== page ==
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  • Author: Dimitrios Draganidis x
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Athanasios Chatzinikolaou, Konstantinos Michaloglou, Alexandra Avloniti, Diamanda Leontsini, Chariklia K. Deli, Dimitris Vlachopoulos, Luis Gracia-Marco, Sotirios Arsenis, Ioannis Athanailidis, Dimitrios Draganidis, Athanasios Z. Jamurtas, Craig A. Williams and Ioannis G. Fatouros

Purpose: To investigate the effect of a complex, short-term strength/power training protocol on performance and body composition of elite early adolescent soccer players. Methods: Twenty-two players (14–15 y) were randomly assigned to (1) an experimental group (N = 12; participated in a 5-wk training protocol with traditional multijoint power resistance exercises, Olympic-style lifts, plyometric drills, and speed work; 4 times per week) or (2) a control group (N = 10). Strength and power performance (jumping, speed, change of direction, repeated sprint ability, endurance, isokinetic strength of knee flexors and extensors, maximal strength in various lifts, and speed-endurance) were evaluated pretraining and posttraining. Results: Cessation of training for 5 weeks in the control group induced a marked performance deterioration (∼5%–20%). Training not only prevented strength performance deterioration but also increased it (∼2%–30%). Endurance and repeated sprint ability declined to a smaller extent in experimental group compared with control group (15% vs 7.5%). Isometric strength and body composition remained unaltered in both groups. Conclusions: Results demonstrate that (1) young players exhibit a high level of trainability of their strength/power performance (but not endurance) in response to a short-term complex training protocol during early adolescence, (2) Olympic-style lifts are characterized by increased safety in this age group and appear to be highly effective, (3) lifts incorporating a hip thrust result in increased strength of both knee extensors and flexors, (4) cessation of training for only 5 weeks results in marked deterioration of strength/power and endurance performance, and (5) improvement of strength/power performance may be related to neural-based adaptation as body composition remained unaffected.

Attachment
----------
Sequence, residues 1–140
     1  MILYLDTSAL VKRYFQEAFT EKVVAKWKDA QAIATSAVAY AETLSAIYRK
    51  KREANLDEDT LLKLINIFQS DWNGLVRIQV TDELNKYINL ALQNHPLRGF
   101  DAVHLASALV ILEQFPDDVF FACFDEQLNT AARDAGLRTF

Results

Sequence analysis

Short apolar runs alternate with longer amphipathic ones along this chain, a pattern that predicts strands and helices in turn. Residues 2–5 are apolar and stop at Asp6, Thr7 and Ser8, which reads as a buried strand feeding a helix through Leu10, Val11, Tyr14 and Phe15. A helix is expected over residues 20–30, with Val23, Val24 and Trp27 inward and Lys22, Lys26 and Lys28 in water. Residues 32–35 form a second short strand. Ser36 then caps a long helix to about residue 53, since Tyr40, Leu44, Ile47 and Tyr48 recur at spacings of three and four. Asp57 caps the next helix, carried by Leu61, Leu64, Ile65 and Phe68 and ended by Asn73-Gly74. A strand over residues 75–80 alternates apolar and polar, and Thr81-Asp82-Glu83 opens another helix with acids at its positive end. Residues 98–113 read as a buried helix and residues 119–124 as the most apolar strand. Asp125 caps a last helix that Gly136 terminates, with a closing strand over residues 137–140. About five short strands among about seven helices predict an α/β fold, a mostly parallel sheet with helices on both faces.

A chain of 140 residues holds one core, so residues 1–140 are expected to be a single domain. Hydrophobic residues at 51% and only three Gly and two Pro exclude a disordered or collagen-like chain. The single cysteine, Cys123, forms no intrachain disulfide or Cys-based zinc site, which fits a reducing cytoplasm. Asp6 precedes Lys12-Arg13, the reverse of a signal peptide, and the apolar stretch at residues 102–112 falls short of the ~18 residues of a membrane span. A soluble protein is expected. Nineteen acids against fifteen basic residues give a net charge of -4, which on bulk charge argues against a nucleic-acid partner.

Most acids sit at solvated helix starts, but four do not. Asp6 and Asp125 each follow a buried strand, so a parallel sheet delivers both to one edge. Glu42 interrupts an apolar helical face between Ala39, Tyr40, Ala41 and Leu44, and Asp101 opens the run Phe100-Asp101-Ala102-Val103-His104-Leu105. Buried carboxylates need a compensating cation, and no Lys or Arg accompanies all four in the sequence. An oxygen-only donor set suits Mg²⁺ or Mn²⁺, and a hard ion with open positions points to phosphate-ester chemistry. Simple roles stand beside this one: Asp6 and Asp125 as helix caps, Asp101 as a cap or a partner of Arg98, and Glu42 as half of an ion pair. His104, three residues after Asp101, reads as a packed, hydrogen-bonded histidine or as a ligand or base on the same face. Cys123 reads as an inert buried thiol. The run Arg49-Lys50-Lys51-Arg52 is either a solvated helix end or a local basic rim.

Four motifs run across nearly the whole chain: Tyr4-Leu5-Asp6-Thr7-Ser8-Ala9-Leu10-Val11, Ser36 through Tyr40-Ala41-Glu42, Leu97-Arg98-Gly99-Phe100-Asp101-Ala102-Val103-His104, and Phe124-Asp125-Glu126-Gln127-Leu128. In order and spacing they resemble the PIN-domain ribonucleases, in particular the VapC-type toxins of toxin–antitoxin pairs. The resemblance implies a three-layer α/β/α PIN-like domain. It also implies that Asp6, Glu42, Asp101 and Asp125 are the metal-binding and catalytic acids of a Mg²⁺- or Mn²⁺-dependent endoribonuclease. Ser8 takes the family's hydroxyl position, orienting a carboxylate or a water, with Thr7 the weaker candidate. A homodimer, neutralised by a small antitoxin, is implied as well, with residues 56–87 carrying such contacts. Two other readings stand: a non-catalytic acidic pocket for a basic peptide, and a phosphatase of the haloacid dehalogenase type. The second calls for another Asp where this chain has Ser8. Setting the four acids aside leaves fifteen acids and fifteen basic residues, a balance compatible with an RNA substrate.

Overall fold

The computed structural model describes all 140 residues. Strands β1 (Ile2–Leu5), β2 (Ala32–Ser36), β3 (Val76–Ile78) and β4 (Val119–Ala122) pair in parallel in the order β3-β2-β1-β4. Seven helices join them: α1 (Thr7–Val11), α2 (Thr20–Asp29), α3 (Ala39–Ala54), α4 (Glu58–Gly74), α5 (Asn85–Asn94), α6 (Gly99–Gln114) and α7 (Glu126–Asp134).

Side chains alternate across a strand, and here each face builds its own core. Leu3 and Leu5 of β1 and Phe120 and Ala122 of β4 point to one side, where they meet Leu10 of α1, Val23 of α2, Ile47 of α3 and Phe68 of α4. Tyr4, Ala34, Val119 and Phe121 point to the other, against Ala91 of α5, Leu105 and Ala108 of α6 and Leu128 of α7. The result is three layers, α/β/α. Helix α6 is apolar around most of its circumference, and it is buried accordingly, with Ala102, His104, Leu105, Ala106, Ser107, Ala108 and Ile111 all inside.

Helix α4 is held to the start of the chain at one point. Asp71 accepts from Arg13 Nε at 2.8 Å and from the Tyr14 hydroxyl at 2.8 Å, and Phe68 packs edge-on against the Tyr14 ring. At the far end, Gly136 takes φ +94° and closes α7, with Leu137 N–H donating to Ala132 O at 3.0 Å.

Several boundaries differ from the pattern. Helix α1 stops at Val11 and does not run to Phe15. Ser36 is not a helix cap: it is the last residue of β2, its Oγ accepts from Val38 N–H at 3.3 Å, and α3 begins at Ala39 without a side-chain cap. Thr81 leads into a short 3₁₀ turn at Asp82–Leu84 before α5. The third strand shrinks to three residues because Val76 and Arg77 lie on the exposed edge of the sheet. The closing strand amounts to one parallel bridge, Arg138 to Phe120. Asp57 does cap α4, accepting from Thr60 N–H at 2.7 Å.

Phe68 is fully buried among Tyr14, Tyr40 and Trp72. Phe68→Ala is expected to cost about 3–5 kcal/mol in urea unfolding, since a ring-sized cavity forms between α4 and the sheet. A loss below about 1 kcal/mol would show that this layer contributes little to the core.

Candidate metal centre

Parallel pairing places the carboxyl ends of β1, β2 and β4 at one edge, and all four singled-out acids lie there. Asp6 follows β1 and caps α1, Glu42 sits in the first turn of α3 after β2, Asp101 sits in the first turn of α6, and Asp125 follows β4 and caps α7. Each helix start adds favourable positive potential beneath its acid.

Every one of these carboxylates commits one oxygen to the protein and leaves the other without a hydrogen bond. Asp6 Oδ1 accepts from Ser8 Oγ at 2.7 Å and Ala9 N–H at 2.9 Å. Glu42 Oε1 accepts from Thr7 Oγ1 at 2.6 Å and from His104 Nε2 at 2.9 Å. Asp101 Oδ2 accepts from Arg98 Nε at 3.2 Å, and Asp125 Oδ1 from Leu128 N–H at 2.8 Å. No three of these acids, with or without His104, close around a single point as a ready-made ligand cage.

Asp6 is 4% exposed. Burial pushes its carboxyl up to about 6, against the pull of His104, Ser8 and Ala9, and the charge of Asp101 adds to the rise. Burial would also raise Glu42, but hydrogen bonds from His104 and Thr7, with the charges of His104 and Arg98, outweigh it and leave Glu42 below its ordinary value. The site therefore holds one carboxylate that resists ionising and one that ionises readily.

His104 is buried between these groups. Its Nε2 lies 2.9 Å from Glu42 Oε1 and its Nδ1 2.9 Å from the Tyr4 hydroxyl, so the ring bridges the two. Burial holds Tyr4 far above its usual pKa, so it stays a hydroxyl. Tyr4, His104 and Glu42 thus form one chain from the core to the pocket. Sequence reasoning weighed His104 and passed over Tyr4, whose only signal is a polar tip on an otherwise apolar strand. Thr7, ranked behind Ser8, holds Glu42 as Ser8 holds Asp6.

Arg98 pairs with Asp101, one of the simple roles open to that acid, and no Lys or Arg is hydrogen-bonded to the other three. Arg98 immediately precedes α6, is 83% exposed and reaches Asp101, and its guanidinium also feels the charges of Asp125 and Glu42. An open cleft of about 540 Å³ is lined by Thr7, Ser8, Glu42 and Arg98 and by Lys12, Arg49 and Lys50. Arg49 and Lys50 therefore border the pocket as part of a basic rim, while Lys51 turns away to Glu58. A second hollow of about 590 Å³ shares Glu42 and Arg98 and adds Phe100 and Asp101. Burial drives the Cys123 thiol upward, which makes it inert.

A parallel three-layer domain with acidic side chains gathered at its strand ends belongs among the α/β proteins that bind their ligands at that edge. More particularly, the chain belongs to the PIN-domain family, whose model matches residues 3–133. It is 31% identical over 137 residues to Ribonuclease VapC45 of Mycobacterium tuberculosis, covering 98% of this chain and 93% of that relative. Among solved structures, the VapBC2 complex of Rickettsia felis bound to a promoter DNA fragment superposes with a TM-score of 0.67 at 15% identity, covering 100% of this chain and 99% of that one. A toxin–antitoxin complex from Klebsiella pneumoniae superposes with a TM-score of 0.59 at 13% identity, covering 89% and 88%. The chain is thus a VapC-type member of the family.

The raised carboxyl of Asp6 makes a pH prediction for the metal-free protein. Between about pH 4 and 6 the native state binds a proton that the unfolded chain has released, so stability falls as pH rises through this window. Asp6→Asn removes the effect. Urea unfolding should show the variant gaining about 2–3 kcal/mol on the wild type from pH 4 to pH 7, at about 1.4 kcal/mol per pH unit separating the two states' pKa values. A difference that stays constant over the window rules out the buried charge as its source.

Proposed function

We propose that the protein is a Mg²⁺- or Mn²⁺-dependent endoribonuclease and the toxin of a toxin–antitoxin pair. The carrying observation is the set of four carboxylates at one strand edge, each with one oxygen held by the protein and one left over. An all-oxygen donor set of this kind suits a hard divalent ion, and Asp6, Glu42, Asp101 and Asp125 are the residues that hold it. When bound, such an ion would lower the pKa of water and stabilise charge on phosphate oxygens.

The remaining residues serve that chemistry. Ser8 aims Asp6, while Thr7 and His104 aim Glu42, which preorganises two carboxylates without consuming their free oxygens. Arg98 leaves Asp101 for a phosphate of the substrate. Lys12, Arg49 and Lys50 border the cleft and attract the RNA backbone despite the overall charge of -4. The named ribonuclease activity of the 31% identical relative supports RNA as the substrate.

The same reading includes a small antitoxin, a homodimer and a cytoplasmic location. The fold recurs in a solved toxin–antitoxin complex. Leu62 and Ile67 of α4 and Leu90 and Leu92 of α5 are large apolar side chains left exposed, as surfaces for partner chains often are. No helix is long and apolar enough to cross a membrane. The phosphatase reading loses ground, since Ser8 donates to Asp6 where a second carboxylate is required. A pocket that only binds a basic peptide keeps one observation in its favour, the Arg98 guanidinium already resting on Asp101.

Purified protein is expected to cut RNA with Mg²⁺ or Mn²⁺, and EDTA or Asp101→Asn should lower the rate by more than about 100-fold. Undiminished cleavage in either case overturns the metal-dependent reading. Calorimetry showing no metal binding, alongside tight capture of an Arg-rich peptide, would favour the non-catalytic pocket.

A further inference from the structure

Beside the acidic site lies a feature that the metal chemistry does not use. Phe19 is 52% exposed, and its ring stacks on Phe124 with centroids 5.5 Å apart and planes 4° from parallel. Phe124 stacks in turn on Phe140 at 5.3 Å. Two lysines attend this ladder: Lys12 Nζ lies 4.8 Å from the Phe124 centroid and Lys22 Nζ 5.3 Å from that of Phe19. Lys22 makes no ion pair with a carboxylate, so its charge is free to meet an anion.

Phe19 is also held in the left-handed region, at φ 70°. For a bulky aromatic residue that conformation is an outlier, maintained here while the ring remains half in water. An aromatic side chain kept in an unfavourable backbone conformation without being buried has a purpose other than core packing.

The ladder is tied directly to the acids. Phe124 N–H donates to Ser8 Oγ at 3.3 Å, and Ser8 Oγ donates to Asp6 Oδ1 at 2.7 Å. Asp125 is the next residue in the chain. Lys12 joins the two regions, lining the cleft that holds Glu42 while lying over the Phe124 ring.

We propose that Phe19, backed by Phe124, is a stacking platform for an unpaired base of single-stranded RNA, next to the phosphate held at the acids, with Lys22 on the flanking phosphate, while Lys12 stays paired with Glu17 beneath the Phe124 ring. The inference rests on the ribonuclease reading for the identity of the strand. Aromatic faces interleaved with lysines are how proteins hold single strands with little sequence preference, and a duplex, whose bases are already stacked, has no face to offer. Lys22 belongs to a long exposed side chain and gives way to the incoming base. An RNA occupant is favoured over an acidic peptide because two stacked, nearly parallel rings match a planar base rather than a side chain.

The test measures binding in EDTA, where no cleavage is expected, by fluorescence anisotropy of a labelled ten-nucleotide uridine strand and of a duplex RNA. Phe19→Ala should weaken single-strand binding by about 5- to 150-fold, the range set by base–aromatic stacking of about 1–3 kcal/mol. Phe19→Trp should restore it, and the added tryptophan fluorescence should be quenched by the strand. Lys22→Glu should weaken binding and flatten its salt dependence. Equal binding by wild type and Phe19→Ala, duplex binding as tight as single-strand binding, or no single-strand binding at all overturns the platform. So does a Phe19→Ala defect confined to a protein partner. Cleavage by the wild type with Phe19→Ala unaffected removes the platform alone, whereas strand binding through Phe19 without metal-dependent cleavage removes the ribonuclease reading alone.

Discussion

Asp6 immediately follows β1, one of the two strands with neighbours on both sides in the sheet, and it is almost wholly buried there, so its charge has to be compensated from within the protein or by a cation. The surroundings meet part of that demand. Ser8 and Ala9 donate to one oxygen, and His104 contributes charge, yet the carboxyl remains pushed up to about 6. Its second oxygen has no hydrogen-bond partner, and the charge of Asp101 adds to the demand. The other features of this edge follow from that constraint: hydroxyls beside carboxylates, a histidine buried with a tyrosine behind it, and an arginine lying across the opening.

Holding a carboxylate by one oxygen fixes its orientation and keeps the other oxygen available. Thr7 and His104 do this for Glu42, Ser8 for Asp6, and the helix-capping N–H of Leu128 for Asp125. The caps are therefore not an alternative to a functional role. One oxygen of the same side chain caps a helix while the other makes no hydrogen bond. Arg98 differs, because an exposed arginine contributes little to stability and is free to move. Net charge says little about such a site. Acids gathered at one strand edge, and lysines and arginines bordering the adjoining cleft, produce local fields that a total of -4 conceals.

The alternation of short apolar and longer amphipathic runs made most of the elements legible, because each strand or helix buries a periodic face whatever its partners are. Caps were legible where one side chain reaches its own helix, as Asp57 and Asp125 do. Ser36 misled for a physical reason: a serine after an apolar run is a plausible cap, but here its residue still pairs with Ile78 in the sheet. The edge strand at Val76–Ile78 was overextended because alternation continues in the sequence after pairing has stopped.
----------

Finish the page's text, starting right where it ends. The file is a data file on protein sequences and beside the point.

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Theofanis Tzatzakis, Konstantinos Papanikolaou, Dimitrios Draganidis, Panagiotis Tsimeas, Savvas Kritikos, Athanasios Poulios, Vasiliki C. Laschou, Chariklia K. Deli, Athanasios Chatzinikolaou, Alexios Batrakoulis, Georgios Basdekis, Magni Mohr, Peter Krustrup, Athanasios Z. Jamurtas and Ioannis G. Fatouros

Purpose: To determine the recovery kinetics of performance, muscle damage, and neuromuscular fatigue following 2 speed-endurance production training (SEPT) protocols in soccer. Methods: Ten well-trained, male soccer athletes randomly completed 3 trials: work-to-rest ratio (SEPT) 1:5, SEPT/1:8, and a control trial. Training load during SEPT was monitored using global positioning system and heart-rate monitors. Performance (isokinetic strength of knee extensors and flexors, speed, and countermovement jump) and muscle damage (delayed-onset muscle soreness [DOMS] and creatine kinase) were evaluated at baseline and at 0, 24, 48 and 72 h posttraining. Maximal voluntary contraction (fatigue index) of knee extensors and flexors was additionally assessed at 1, 2, and 3 h posttraining. Results: Fatigue increased (P < .05) in SEPT/1:5 (∼4–30%) for 3 h and in SEPT/1:8 (∼8–17%) for 2 h. Strength performance declined (P < .05) in both SEPT trials (∼5–20%) for 48 h. Speed decreased (∼4–18%; P < .05) for 72 h in SEPT/1:5 and for 48 h in SEPT/1:8. Countermovement-jump performance decreased (∼7–12%; P < .05) in both SEPT trials for 24 h. DOMS increased (P < .05) in SEPT/1:5 (∼2-fold) for 72 and in SEPT/1:8 (∼1- to 2-fold) for 48 h. Creatine kinase increased (∼1- to 2-fold, P < .05) in both SEPT trials for 72 h. Conclusions: SEPT induces short-term neuromuscular fatigue; provokes a prolonged deterioration of strength (48 h), speed (72 h), and jump performance (24 h); and is associated with a prolonged (72-h) rise of DOMS and creatine kinase. Time for recovery is reduced when longer work-to-rest ratios are applied. Fitness status may affect quality of SEPT and recovery kinetics.